I’ve been reading 50 Girls 50 and Other Stories Illustrated by Al Williamson, an anthology published by Fantagraphics. Al Williamson was one of the artists working for EC Comics in the 50s, and this collection includes stories from various EC titles combining the words “Weird”, “Fantasy”, “Science”, “Crime”, and “SuspenStories”. He often worked with Roy Krenkel and the legendary Frank Frazetta, but even on his own Williamson is amazing. Check out this page from “Space-Borne”, collected in this book (the panel on the left is used for the cover):
That is pretty great, and that’s the kind of stuff he was putting out monthly. Can you imagine?
Now, the artwork is obviously the main attraction here, but confession time: I have not read as many EC comics as I’d like to have. I’ve often grabbed what I could, but reprints tend to come in the form of expensive hardbound color editions. I’d kill for black and white phonebooks, but that’s not to be, I guess. So for me the thrill here was enjoying another small taste of a dish I’ve longed to eat.
For those who don’t know, EC was more or less shut down during the comics panic of the 1950s. The book that helped fuel the panic, Seduction of the Innocent (which is out of print and I still maintain should be picked up and published by the Comic Book Legal Defense Fund) and the Comics Code Authority that came out of the hearings were more or less designed to shut down horror and crime comics in general and EC’s version of such in particular. EC editor William Gaines also didn’t do his company any favors when he testified poorly before the Senate Subcommittee on Juvenile Delinquency, and gave the panel a specific target to aim for.
Reading these stories it struck me what a massive loss we suffered when EC was destroyed. The stories here, even with their obvious twist endings and Silver Age goofiness are written for mature audiences, and I mean that in the actual sense of the word. They often deal with adult subjects in adult manners. In these 6-8 page stories the characters get a real depth to them because they’re allowed to be real characters instead of simplistic mannequins. And despite the comics being derided as harbingers of delinquency, there is a strong moral center to them. Misdeeds are punished. Arrogance is brought low. Crime, selfishness, and hatred seldom pay.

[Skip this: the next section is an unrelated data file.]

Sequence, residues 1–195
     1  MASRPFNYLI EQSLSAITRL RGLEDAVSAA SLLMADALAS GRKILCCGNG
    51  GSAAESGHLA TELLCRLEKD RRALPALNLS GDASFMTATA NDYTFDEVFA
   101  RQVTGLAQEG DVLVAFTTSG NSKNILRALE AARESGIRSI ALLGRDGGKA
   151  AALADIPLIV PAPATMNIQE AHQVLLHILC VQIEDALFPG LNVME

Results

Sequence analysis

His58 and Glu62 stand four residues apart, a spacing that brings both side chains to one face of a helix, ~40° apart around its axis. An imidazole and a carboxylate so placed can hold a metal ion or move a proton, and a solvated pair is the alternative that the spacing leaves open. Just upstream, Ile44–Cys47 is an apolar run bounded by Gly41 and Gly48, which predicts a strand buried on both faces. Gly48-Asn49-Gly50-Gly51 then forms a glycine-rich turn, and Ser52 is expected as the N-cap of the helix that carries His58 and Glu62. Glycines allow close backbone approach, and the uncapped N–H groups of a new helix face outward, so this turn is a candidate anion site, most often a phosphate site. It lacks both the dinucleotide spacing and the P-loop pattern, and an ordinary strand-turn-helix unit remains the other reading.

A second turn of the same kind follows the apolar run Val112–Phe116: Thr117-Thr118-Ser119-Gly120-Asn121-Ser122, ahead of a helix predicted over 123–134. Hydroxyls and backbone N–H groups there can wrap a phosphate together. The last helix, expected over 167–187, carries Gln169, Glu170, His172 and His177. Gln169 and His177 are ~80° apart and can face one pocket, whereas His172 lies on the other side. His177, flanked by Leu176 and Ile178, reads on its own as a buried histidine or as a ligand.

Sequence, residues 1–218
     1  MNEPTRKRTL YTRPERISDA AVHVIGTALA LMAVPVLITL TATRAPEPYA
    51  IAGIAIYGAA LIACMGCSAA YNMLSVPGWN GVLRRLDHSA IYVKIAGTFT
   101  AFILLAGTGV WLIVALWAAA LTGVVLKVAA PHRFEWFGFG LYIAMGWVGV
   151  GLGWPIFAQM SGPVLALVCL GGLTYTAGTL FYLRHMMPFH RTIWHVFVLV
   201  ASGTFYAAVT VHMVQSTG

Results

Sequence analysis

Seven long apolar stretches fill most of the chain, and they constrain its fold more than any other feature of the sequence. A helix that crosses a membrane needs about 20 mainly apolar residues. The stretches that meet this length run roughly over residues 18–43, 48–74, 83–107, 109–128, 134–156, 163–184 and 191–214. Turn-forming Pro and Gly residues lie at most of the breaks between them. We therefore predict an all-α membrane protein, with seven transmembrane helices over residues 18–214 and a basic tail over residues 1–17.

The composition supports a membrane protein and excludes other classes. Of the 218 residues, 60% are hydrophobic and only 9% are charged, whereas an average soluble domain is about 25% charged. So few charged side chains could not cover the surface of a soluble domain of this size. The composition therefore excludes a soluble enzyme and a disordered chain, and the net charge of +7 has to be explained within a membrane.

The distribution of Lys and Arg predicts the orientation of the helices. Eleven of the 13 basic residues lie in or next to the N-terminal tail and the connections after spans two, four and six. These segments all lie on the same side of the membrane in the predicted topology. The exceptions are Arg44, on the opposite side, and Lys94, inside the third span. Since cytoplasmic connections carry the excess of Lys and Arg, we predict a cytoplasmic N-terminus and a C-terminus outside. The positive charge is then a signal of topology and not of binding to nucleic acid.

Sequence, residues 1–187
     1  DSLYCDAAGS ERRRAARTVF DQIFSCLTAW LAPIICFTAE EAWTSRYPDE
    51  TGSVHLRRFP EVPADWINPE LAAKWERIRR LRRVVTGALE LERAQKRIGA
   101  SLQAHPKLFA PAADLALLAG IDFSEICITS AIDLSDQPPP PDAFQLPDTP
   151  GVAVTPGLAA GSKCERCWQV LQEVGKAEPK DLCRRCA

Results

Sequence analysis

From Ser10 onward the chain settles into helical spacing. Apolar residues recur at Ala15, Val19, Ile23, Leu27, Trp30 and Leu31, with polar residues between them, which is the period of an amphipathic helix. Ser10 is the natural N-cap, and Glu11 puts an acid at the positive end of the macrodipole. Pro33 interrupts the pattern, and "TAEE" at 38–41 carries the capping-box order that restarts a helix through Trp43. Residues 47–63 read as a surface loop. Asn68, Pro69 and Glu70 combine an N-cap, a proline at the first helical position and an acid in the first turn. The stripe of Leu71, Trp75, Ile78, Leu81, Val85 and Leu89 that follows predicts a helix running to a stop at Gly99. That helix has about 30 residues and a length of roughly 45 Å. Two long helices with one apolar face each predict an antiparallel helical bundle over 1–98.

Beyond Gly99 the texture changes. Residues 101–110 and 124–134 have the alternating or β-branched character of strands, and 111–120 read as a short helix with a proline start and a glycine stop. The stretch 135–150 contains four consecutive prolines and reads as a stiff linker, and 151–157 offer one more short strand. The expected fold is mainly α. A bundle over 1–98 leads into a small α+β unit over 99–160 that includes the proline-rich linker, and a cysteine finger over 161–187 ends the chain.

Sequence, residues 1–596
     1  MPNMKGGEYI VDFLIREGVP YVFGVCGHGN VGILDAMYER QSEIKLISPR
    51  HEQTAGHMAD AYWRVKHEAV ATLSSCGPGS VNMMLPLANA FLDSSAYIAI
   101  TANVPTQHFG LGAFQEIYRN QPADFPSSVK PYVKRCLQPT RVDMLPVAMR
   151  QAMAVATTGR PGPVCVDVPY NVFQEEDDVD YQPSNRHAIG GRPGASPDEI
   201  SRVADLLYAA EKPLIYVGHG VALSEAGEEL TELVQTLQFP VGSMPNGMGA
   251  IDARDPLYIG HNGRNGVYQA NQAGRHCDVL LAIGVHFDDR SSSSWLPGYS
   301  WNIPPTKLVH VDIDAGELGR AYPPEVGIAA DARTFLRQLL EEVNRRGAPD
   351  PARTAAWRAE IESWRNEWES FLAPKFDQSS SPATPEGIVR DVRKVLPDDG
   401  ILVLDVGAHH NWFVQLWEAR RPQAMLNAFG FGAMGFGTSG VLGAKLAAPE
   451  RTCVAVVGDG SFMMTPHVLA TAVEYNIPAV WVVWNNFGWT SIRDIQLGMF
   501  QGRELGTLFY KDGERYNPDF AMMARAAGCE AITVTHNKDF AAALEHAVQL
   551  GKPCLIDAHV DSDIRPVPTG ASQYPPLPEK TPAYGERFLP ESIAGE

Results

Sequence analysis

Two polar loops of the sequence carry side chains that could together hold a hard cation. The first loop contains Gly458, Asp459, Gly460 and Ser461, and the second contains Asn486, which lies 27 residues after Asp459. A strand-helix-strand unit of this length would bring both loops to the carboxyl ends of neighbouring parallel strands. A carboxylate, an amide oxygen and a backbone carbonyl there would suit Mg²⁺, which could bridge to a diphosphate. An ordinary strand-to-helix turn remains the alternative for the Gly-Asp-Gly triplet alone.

Thanks to the Comics Code, we had about twenty years where comic books had to back away from the notion that they were for anyone other than children. They weren’t allowed to tackle significant topics or speak with any nuance. The architecture that EC had constructed was abandoned, and while we did get some pretty good stuff, it’s hard not to wonder where we’d be now if this hadn’t happened, if this twenty-year stagnation-at-best-regression-at-worst had instead continued.
The underground comix of the 70s would probably have happened sooner, and not been so far underground. Superheroes, thrust back in the mainstream by the removal of horror and crime comics, might not be the overwhelming majority of books. Mature comics might more often mean actually mature comics and not just comics where superheroes swear and fuck and kill people. Maybe it wouldn’t have taken until the 90s for mainstream companies to return to genres beyond caped fisticuffs. (Many of Marvel’s flagship superheroes were born from EC-type “weird” and “monster” comics, but boy, you wouldn’t know it these days.) Man, I’d like to take a look at that world some time! (On the other hand, romance comics weren’t really affected by the CCA and they eventually just died out on their own, so who knows.)
For some time I’ve had a big hunk of credit at a nearby comic shop that I haven’t been able to make myself use. I think it’s high time I picked up those Weird Science collections that have tempted me so much.